The trout is nicely placed by a pond fed by a brook, with his own little garden to swim through. He is in the shade of the pine forest, overlooked by the wrap-around deck of the house, way up a gated private drive in the mountains beyond Park City. Pretty snaz-o digs compared to his cousins at the busy intersection of 1300E/2100S in Salt Lake.
Yesterday it was snowing, and today there is a trout in the yard- must be springtime in Utah.
I spent the morning at the foundry tweaking the patina and the spots, then came home and worked the bright spots a bit more. It will fly in the yard a few more hours, then swim into the studio and wait for delivery up to Park City.
The trout is ready to head back to the foundry for sandblast & patina.
Fish On A Stick! Ha! (for fans of Harvey Birdman & Stephen Colbert)
The trout came home last Friday in three pieces and waited out the blustery snow splattered weekend. Today’s shop session brought the long stainless steel rod into the head section of the fish, passing through the belly and welded top and bottom for stability. I worked quickly as I could go, as the welder is nearly out of gas- and surprised myself by getting it all together before the tank ran out. I either drank too much coffee before starting out, or it was from grinding the seams and sprews- but my hands were a bit shaky for the last bit of welding. After the months of “carpenter’s elbow” in both arms from finishing out the Herriman Mobile, I decided I would call it a day.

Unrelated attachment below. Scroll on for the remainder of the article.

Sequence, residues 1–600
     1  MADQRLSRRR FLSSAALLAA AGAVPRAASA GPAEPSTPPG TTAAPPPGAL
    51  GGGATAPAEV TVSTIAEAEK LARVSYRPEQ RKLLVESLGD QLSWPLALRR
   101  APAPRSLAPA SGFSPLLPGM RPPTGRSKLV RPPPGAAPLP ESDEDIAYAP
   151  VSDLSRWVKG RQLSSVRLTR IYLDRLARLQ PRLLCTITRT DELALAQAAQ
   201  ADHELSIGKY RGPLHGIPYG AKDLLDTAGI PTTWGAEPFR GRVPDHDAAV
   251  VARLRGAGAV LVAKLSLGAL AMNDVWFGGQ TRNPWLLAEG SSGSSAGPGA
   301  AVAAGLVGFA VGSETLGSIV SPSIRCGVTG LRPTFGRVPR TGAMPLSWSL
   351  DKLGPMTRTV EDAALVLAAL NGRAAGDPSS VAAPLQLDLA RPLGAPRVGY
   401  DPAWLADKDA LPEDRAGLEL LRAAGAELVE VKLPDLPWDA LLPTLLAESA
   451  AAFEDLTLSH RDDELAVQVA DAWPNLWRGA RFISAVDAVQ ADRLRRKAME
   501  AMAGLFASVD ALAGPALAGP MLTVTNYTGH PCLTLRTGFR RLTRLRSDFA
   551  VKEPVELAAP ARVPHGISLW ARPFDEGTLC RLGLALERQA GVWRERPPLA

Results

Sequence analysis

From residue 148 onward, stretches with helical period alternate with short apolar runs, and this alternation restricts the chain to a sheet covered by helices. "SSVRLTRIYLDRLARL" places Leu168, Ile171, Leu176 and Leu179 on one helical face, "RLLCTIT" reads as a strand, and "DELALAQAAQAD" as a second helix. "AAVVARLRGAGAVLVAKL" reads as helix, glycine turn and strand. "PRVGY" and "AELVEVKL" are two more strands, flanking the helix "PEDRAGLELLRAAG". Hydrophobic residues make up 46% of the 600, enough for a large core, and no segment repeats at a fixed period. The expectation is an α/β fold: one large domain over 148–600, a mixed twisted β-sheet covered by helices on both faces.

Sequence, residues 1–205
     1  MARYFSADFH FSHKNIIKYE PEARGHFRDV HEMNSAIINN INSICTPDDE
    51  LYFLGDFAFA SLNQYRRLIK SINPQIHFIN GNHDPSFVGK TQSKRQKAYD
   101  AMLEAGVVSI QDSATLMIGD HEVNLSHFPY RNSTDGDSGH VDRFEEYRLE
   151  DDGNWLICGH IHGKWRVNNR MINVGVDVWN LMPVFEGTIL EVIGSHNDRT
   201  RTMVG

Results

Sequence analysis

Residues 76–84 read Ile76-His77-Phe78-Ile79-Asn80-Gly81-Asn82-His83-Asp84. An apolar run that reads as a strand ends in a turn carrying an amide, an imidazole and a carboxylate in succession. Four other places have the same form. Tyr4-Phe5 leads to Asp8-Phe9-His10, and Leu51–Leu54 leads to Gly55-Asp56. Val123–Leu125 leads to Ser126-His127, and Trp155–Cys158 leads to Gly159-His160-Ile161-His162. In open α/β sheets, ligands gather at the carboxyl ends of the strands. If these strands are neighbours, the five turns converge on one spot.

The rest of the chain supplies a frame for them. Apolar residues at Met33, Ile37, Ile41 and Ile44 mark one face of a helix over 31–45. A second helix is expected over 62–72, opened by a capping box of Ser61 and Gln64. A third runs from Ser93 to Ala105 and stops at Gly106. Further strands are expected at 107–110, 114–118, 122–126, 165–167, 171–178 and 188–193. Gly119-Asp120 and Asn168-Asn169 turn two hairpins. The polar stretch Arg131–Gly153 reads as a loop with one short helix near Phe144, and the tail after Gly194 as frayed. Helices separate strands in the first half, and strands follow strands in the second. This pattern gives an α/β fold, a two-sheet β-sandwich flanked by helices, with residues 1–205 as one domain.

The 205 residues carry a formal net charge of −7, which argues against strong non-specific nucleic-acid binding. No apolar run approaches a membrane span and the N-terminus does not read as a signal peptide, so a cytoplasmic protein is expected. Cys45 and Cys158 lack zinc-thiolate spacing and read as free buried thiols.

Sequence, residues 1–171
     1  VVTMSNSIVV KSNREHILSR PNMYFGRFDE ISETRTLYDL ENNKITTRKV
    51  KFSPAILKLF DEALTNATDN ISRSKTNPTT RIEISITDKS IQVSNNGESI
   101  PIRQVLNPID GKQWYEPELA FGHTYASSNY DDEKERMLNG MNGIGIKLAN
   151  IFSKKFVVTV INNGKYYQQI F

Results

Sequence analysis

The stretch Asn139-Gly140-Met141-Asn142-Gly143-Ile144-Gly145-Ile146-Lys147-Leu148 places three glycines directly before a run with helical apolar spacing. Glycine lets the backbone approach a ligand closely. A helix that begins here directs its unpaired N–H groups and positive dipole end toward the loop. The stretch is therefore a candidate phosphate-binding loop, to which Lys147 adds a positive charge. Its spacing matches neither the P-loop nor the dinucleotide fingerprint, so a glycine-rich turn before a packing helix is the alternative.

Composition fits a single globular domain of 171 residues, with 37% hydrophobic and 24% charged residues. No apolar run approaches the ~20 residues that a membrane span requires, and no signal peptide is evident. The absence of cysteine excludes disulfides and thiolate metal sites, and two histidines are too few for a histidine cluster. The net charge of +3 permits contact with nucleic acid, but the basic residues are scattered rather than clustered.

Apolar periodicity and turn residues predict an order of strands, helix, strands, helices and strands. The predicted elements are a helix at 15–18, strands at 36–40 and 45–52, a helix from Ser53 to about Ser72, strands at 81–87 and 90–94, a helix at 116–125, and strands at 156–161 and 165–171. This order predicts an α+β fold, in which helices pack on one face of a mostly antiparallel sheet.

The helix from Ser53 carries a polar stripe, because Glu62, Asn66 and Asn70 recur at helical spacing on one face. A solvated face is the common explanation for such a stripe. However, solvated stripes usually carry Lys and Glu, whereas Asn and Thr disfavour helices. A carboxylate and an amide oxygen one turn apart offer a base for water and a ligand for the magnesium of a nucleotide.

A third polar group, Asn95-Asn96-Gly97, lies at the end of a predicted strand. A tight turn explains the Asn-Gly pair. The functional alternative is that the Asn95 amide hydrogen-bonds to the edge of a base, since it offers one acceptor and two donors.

The trout is swimming toward a bronze future.
Private commission production! A single trout is being privately commissioned from my pre-existing mold. The molds had gotten a little dusty- the image with both sides of the mold show a contrast of washed and unwashed. I want the trout to be moving his tail, so each half of the mold must be done separately, then joined together. To get the movement in the mold I slump it over a bent sheet of metal for one half, then flip the metal and place the opposite side of the mold on the mirror curve. Wax is applied with a paint brush til thick enough, which takes awhile.
Once the two sides are painted in, they must be joined together. Flexing the mold for the movement of the fish compresses one side and extends the other- the gap in the side of the fish illustrates just how much movement has been added as I have to cut one side in half to match the head and tail. To fill the little gap I created a section of the fish to fit and seamed it into place. Next I’ll heat up the tail and give it a bit more flex, then add on all the fins. Once it is all together I’ll tweak the seams, add a few new spots, then it will be time to swim on down to the foundry.